December 2008

Biggest Surprise: Tie between Little Big Planet and Mirror’s Edge

Biggest Disappointment: Guitar Hero: World Tour’s loud-ass drums

2008 Game I’ll Play in 2009: Left 4 Dead

2008 in a Sentence: Build-your-own co-operative indie first-person rhythm action-shooter platformer (with mini-games!)

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As the holiday release season comes to a close, Press Pass sees if any journalists survived the onslaught of reviews.

  • Game journalism navel-gazing and its malcontents
  • Hey, who Spiked the Video Game Awards punch?
  • Swimming up the mainstream
  • News bits
  • Quote of the moment

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Virtual Console and WiiWare titles reviewed this month:

  • Boogerman: A Pick and Flick Adventure
  • Forgotten Worlds
  • Metal Slug 2
  • Sonic the Hedgehog 2
  • Space Invaders: The Original Game
  • Space Invaders Get Even

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Xbox Live Games reviewed this month:

  • A Kingdom for Keflings
  • Super Street Fighter II Turbo HD Remix
  • Banjo-Kazooie
  • PowerUp Forever
  • Meteos Wars

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No game this year made me feel as much raw emotion as Left 4 Dead. Surely the game’s itself was part of it — the atmospheric sounds of groaning zombies and the excellently run-down locales definitely helped — but most of it came from simply playing with real people.

L4D’s multiplayer design, especially the versus mode, finds a perfect balance between the every-man-for-himself twitchiness of most deathmatch games and the stick-together camaraderie of co-operative play without missing a beat. There’s a real tension to the survivor portions and a real feeling of vindictive glee during the zombie attacks, feelings that are exacerbated because you know the people behind those screams of joy and anguish in your ear are feeling the same things.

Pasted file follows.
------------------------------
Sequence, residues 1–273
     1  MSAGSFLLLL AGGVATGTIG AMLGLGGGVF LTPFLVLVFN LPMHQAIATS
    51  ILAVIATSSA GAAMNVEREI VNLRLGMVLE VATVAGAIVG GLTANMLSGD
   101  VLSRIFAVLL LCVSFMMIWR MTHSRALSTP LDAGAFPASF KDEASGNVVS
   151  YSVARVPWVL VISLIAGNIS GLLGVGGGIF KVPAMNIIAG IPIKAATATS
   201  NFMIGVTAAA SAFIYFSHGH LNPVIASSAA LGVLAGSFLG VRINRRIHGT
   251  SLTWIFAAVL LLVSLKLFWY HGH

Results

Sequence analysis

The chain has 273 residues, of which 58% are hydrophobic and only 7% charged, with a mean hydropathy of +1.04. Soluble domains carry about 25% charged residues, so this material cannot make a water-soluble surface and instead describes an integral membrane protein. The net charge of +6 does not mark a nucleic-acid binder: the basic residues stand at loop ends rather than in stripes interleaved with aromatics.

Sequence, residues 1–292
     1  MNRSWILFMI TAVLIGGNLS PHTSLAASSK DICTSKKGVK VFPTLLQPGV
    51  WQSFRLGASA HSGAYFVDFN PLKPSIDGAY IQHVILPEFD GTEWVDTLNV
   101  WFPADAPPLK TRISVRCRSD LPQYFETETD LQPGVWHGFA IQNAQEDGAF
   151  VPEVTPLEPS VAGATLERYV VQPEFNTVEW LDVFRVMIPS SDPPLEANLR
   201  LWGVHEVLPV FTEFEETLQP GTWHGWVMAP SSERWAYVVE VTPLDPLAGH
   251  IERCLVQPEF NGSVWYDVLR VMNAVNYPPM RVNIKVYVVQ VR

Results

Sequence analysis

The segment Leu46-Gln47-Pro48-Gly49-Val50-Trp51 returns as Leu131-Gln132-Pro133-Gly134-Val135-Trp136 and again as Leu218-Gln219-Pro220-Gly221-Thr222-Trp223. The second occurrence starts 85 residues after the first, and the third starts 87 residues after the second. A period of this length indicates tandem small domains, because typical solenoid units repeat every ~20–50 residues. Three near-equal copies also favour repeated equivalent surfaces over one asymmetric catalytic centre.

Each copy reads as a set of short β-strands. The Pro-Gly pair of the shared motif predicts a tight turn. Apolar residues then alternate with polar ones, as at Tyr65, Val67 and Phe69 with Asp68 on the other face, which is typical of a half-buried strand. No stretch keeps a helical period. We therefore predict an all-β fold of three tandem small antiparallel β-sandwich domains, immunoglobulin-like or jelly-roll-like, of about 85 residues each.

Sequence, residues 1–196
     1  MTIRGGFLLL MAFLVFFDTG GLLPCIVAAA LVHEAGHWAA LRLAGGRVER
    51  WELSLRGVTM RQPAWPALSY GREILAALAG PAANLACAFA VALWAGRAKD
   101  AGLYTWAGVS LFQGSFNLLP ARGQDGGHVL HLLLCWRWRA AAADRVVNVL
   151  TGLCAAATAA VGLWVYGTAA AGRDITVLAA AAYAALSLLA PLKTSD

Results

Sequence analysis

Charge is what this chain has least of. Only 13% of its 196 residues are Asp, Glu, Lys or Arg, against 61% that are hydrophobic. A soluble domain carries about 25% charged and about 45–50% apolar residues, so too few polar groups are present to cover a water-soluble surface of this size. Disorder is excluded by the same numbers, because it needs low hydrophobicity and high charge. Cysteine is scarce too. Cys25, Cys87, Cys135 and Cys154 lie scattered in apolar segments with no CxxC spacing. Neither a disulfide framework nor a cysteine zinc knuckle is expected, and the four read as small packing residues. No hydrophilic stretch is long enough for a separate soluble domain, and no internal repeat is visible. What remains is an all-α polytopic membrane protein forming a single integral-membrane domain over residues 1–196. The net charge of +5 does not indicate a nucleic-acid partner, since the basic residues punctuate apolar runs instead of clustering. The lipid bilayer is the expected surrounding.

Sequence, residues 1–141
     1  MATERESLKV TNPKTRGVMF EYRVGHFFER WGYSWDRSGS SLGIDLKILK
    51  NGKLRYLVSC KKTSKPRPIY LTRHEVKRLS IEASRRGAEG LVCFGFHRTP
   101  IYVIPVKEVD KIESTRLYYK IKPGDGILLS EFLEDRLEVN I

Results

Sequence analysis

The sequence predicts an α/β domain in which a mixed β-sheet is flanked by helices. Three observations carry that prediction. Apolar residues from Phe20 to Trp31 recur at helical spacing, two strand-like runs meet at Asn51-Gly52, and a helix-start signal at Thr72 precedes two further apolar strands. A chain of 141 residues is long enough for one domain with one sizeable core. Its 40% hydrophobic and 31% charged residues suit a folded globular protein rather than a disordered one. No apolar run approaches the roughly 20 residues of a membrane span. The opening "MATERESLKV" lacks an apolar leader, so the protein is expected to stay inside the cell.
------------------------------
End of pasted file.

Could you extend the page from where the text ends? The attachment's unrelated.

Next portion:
The true sign that I was getting way too into this game was when I stopped a lengthy play session and realized that my throat was bone dry from screaming commands and strategies at my teammates. Not since Karaoke Revolution has a sore throat been such a sure sign of a good time.

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Prince of Persia for Xbox 360 review I must admit, I let out an involuntary laugh when I heard the title character in Prince of Persia let loose with the line, “either of us could die any minute.” This laugh came not because the line was a bit hackneyed (it was) or badly delivered (it wasn’t). No, I laughed because the one thing that sets Prince of Persia apart from other platform games — more than anything else — is the fact that the main characters are never in danger of dying “any minute.” No matter how many 100-foot chasms the Prince falls down, no matter how many times he’s sliced up by an enemy sword, no matter how many times he stumbles into the undulating black “Corrpution” that dots the land, his God-powered magical companion Elika is there to reach out a glowing blue hand and drag him back to the safety of the nearest piece of solid ground.